Yep, it’s been two whole decades since Radiohead shook the music world to its foundations with their masterwork OK Computer, and the band are in a reflective mood as they sit down with Rolling Stone magazine for a very in-depth chat about the record, and everything that’s happened since.
It’s a great read, full of interesting bits of trivia and personal revelations that may catch even the most ardent Radiohead fan off-guard. From encounters with ghosts to a hatred of Britpop, here are just a few of our favourites.
Thom Yorke took himself way too seriously
Surprising absolutely nobody is the idea that Thom may have been a bit too serious at times, especially in his early days. As it turns out though, the wisdom of age has given him some perspective on life, and the advice that he’d now give his younger self is pretty to the point:
“Lighten the fuck up.”
He genuinely hated the attention
There’s always an adjustment period for anyone who gets thrust into the spotlight, and some musicians are more prepared to embrace the lifestyle than others. For Yorke though, the media circus that followed him after OK Computer released, not to mention the sudden attention from fans, was too much.
“I did have fun sometimes,” he says. “But the public side of it, and the way people talked to me, even on the street, I could not fucking handle it. David Bowie was able to use these personas that would fuck with his relationship with the fans. He did it all in a very finessed, elegant way. I did not.”
He cut his hair because ghosts told him to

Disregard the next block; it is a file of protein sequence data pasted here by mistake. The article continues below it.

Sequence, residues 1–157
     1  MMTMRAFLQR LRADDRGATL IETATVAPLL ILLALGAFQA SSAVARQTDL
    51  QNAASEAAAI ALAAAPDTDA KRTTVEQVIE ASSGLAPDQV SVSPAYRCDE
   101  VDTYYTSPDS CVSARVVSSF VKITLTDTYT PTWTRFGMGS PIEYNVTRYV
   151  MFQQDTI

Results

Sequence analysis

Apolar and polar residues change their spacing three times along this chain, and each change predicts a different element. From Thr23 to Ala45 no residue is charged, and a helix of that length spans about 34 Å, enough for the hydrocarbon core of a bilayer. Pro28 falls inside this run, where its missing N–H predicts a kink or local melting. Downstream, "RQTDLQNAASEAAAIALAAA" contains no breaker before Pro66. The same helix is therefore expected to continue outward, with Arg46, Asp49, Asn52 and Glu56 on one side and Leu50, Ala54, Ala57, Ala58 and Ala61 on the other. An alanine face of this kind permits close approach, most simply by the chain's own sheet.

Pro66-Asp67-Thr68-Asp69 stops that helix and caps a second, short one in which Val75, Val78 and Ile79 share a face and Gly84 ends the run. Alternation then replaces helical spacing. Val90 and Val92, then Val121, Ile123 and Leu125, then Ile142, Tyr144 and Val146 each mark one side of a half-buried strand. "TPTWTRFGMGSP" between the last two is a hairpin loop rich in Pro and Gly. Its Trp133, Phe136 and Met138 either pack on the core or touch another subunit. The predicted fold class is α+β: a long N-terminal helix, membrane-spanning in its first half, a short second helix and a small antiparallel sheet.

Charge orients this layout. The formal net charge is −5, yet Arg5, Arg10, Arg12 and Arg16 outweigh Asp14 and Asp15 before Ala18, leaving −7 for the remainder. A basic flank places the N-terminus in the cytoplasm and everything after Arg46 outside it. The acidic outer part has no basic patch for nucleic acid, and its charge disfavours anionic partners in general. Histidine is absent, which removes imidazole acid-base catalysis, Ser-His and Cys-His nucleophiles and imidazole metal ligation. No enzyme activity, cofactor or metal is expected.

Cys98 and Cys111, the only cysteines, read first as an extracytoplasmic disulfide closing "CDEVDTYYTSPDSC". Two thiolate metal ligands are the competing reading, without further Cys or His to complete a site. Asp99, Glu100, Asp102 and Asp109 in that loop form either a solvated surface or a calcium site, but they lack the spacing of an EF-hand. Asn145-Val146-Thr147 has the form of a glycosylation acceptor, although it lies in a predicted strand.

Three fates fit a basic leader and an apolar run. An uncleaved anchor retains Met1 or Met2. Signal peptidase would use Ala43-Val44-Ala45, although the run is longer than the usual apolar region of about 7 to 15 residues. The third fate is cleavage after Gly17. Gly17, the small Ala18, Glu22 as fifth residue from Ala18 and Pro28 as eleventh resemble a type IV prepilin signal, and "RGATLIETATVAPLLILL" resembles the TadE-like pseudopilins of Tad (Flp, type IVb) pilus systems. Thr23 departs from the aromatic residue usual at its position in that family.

“Ghosts would talk to me while I was asleep,” he tells author Andy Greene of his stay with the band at Jane Seymour’s mansion. “There was one point where I got up in the morning after a night of hearing voices and decided I had to cut my hair.”
He actually did give himself an impromptu haircut, and scared his bandmates just a little. “I cut myself a few times. It got messy. I came downstairs and everyone was like, ‘Uh, are you all right?’ I was like, ‘What’s wrong?’ Phil very gently took me downstairs and shaved it all off.”
They hate Britpop and prog comparisons
Radiohead’s rise came at a time during which their country was in the thrall of everything Britpop and, according to Jonny Greenwood, they hated being thrown into the same category simply because they were a British band.
“To us, Britpop was just a 1960s revival,” he says. “It just leads to pastiche. It’s you wishing it was another era. But as soon as you go down that route, you might as well be a Dixieland jazz band, really.”
He’s not to fond of prog rock either, or at least the comparisons that were made to Radiohead’s material, claiming that while their compositions feel pretty organic, prog is far too structured.
“The problem with prog stuff is it sounds like it really has been thought about. And it’s exhausting as a result. All those records were very pastoral, and they’re preaching about unicorns and dinosaurs.”
Thom might let the band record live next time
While lamenting the lack of more shows on the recent tour, Colin Greenwood wished that the band had “spent more time in a room playing, working on stuff together,” before adding “But this is how we’ve worked for a long time.”
“I’ve always been extreme about resisting us being a drum-guitar-bass band,” Thom replied. “But if that’s what people want to try, I’m too old to be standing there with a hammer and saying, ‘We must do this, we must do that!’ I would like everyone to feel free. But, you know, it’s not easy.”